It seems the Kamloops-Thompson School District does not have to come up with $600,000 after all.
The minister of education's letter asking districts to put aside 1.5 per cent of their budgets for each of the next two years to cover support staff salary raises was an "ask" not a "directive," according to the ministry.
"I'm pleased that saner heads will prevail," said school board chair Denise Harper.
Early last month, anxiety rippled through school boards across the province when Minister Don McRae wrote them with the request. In Kamloops, it added up to $300,000 per year.
The province also said districts couldn't cut service levels. And they had to figure it out by mid-January.
Kamloops-Thompson school trustee Annette Glover, chairwoman of the district's finance committee, said the task was impossible, adding 90 per cent of the district's budget pays for staffing.
"It's ridiculous that they'd even be asking for that," she said.
Many of the province's 60 school boards responded with strongly worded letters along the same lines.
And late last week, there was a sense of vindication when B.C. School Trustees Association president Michael McEvoy emailed boards to say that McRae apologized over the matter during a Jan. 3 meeting.
McRae's apology led to the belief that school boards' complaints were heard, she said.
"My expectation is because the minister received a potential of 60 letters from boards saying, 'What are you talking about? We can't do this.' That he may have indicated he was sorry to have created this," said Harper.
But exactly what that apology meant - whether the province would pay for salary raises after all or push back the deadline - was unclear.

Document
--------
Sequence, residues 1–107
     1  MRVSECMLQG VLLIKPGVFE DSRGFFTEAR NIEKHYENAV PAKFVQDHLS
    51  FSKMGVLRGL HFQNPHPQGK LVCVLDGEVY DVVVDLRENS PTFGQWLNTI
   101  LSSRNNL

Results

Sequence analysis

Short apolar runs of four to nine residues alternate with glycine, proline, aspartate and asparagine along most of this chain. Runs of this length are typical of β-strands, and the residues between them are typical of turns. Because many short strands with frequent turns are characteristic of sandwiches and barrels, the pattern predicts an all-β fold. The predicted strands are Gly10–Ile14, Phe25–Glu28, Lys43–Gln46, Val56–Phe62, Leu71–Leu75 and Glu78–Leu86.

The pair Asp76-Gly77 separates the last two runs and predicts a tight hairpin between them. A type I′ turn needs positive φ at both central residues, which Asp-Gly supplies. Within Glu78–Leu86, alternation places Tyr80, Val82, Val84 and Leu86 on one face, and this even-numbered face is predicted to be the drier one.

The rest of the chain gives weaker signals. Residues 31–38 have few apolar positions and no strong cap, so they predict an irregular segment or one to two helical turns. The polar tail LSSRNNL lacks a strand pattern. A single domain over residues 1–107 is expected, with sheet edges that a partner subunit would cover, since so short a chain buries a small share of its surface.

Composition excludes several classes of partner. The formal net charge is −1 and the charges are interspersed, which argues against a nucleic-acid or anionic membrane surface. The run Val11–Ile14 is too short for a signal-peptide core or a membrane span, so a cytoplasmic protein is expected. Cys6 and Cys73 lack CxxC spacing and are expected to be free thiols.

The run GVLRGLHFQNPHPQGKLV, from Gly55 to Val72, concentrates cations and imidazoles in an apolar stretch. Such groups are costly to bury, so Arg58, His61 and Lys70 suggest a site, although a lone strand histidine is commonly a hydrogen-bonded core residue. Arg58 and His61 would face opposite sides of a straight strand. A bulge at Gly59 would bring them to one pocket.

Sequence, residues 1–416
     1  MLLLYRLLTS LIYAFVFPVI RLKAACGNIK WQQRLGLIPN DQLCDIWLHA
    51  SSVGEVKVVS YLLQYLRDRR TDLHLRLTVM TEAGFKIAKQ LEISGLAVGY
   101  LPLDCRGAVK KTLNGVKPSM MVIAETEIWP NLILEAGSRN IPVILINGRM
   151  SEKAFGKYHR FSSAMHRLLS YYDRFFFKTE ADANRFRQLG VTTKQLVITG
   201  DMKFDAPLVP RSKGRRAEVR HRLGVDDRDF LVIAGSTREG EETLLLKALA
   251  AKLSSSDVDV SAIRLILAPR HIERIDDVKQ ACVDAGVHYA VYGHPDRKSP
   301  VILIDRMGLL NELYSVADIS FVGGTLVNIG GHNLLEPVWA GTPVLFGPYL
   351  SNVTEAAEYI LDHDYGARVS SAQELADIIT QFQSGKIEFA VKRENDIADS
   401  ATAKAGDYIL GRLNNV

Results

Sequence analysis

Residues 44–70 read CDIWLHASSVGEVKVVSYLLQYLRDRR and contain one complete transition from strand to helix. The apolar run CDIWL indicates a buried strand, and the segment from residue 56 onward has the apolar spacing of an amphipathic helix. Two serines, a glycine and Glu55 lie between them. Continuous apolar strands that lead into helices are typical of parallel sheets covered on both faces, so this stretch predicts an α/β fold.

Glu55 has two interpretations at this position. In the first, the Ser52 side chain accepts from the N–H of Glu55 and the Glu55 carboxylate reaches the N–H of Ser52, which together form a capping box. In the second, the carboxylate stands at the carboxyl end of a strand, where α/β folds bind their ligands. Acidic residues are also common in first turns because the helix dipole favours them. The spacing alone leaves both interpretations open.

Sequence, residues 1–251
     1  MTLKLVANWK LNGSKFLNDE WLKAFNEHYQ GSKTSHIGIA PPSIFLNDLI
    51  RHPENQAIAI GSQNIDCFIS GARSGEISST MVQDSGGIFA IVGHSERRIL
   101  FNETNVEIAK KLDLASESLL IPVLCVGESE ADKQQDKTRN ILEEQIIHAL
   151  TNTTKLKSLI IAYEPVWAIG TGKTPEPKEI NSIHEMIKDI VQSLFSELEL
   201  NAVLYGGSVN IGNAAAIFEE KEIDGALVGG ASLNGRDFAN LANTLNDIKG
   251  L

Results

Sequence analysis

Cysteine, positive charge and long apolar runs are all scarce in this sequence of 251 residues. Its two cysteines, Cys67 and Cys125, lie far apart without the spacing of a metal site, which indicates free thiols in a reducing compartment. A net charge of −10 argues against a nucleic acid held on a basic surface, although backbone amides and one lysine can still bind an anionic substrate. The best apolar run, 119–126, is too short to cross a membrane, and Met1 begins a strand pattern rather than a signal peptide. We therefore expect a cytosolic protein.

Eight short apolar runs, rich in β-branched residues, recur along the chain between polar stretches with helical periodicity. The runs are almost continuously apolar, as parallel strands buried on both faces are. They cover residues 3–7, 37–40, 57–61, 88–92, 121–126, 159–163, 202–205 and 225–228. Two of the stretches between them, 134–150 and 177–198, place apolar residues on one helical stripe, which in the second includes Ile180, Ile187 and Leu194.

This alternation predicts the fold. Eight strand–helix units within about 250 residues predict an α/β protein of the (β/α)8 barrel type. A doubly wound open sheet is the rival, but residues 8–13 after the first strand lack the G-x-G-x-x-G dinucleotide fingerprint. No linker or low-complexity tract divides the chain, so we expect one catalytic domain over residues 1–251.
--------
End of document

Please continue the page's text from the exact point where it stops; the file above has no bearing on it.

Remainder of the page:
It turns out the minister was sorry for the way the matter was handled, not for asking districts for 1.5 per cent of their budgets.
But it was an "ask" not a directive, said a ministerial spokesperson, pointing to the portion of the minister's letter that started all the dismay.
"I am requesting that all boards develop their own savings plans to identify savings within the principles of the (co-operative gains) mandate that would reach the target of 1.5 per cent of support staff compensation in their district," wrote McRae.
Trustees took this as an order, however.
"We interpreted as being fairly prescriptive," said Harper.
In an interview with CFTK TV in Terrace on Jan. 8, McRae said he's received many letters from boards. Without specifying their tone, his only comment on the correspondence was "fair enough," adding he "wants to find out their answers and thoughts."
But McRae remained steadfast on the need for employers to work with the province to fulfill the co-operative gains mandate.
A departure from the net zero mandate, it allows for "modest" wage increases by handing a portion of the onus to employers.
"We'll be talking to BCPSEA (B.C. Public School Employers Association), we'll be talking to school board trustees association to see what they wish to do next," said McRae.
"But again it's a school governance model. The ministry of education works with the school board trustees."
Kamloops-Thompson School District Supt. Terry Sullivan said although the criteria set out by the province was impossible to achieve, his office will be working diligently to find ways of providing for support staff salary raises.
Especially since they "didn't do as well as other people in the education sector" during the last round of bargaining.
"I've always said that we feel our support staff are deserving of the increase," said Sullivan. "We want to turn over every stone to ensure that we can try to find some way to give it to them."
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